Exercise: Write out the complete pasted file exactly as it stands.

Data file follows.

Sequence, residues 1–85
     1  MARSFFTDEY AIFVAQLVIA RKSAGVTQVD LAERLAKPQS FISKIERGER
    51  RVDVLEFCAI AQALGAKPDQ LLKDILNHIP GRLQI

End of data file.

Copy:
Sequence, residues 1–85
     1  MARSFFTDEY AIFVAQLVIA RKSAGVTQVD LAERLAKPQS FISKIERGER
    51  RVDVLEFCAI AQALGAKPDQ LLKDILNHIP GRLQI